Correios, the Brazilian postal service, has renewed its sponsorship deal with the Brazilian swimming federation, but at a lower price than the previous deal.
SwimChannel.net reports that Correios has renewed its deal after speculation that the postal service would end its support of the federation after the Rio Olympics. According to SwimChannel.net, “political and economic crisis” in Brazil suggested that the CBDA – the federation that governs swimming, diving, water polo and all aquatic sports in Brazil – might lose its deal with Correios. But the post office’s president Guilherme Campos said those rumors were “mere speculation.” Correios will renew its deals with the CBDA as well as the Brazilian handball federation and the nation’s tennis federation. However, Brazil’s “Sport Machine” news service reports that the total sponsorship commitments have dropped from 300 million Brazilian real (about $92 million in U.S. Dollars) last year to just 180 million real (about US$55 million) this year, with 2018 likely to cut that number in half.
The CBDA has had its share of issues lately. Longtime president Coaracy Nunes was accused of fraud by the federal police last month after an investigation allegedly showed overbilling and embezzlement within the federation. Nunes was officially removed from his post along with 3 other CBDA officials last week, though Nunes claims the allegations are part of a smear campaign by his political opponents leading up to next year’s election for CBDA president. Nunes’ attorney has promised to appeal the decision removing Nunes from office.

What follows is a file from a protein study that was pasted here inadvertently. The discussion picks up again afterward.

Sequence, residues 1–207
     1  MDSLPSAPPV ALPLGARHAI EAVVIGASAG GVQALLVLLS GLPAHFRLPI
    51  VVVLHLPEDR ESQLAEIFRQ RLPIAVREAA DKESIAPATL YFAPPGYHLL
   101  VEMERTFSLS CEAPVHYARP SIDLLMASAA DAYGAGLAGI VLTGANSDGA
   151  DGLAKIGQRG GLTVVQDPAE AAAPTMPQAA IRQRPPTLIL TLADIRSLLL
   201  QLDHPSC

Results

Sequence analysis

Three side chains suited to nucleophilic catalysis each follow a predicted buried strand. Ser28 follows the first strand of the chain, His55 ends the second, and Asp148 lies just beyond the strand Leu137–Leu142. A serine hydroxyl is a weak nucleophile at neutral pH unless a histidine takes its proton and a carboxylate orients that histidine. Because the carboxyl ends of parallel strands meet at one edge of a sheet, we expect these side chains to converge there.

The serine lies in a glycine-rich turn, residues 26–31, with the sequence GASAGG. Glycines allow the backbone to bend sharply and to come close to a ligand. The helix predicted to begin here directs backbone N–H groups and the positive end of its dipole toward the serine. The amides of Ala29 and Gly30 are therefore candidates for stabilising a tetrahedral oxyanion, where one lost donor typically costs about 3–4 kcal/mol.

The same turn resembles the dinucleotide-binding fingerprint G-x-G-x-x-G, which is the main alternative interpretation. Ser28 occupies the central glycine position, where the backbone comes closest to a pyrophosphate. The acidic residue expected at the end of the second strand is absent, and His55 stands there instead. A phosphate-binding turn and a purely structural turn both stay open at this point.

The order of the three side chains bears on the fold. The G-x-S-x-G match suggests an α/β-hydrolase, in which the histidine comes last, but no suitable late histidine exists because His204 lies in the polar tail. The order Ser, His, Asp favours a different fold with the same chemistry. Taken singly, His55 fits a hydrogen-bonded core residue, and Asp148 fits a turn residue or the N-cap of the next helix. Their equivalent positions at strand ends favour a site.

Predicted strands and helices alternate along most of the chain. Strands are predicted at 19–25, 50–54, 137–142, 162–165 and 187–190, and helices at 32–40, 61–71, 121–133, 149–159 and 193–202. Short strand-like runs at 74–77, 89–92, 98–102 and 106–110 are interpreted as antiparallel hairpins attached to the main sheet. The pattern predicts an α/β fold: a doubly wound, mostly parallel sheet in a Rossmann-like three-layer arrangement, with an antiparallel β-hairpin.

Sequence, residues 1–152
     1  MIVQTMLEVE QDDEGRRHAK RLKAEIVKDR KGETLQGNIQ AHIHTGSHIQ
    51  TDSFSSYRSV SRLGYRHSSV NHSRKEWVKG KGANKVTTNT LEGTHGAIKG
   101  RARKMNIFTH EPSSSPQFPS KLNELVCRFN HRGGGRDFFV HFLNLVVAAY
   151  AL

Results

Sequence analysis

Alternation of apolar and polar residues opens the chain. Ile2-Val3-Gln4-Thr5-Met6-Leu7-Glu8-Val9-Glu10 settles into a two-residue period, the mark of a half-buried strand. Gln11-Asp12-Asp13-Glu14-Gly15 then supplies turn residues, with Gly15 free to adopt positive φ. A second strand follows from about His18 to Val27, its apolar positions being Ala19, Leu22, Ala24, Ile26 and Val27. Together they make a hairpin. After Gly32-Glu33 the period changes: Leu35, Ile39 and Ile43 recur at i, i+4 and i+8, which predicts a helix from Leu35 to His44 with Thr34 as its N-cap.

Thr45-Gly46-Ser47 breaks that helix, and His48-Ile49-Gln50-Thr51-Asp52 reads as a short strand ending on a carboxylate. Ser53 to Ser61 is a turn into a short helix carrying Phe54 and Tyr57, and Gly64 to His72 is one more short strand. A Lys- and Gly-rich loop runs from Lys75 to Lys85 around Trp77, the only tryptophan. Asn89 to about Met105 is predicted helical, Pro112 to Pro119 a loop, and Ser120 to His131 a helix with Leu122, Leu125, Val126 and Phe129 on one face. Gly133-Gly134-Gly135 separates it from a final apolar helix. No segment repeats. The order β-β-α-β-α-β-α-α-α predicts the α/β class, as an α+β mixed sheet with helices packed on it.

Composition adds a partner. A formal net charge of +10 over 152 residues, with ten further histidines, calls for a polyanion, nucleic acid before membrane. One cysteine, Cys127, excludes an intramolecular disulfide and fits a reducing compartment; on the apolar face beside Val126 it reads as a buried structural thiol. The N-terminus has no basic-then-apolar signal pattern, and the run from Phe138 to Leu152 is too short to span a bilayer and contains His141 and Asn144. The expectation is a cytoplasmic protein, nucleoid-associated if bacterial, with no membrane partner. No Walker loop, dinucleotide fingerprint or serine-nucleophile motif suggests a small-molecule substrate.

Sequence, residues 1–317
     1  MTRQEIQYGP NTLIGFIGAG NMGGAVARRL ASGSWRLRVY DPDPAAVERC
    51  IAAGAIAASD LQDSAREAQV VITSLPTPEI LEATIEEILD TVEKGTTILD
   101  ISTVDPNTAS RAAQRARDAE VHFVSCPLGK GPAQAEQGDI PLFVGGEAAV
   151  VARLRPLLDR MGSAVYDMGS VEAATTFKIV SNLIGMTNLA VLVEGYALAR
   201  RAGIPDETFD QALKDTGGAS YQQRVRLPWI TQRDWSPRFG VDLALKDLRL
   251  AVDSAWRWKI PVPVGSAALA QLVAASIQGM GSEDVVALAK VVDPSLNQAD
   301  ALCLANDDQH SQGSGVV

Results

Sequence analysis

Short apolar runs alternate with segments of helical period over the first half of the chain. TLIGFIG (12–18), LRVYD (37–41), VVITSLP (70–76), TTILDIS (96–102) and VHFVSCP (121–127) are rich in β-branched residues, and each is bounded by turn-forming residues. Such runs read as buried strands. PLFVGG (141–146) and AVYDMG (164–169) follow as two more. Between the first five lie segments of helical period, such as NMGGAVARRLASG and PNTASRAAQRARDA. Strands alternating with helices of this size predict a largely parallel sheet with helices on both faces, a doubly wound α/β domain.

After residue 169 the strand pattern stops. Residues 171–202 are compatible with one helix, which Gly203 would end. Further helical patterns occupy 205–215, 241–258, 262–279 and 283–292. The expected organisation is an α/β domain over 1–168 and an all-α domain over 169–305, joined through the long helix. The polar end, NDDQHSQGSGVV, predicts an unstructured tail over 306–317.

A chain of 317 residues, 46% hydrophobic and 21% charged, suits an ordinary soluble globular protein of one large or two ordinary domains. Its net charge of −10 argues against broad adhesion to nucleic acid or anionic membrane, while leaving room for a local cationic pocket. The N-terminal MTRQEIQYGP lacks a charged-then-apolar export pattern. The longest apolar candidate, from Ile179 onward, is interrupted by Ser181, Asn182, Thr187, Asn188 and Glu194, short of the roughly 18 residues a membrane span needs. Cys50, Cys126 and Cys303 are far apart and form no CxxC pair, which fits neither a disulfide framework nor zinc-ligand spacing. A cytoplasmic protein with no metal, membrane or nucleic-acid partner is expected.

The CBDA will also have to deal with a reduction in national funding, according to SwimChannel.net. The federation received $48.7 million in state sponsorship between 2014 and 2016, per the SwimChannel site, but will see that funding reduced over the next Olympic cycle. Many of Brazil’s top junior swimmers – including Olympian Brandonn Almeida and sprint phenom Felipe Ribeiro – have elected to leave the country for the United States after verbally committing to U.S. college programs.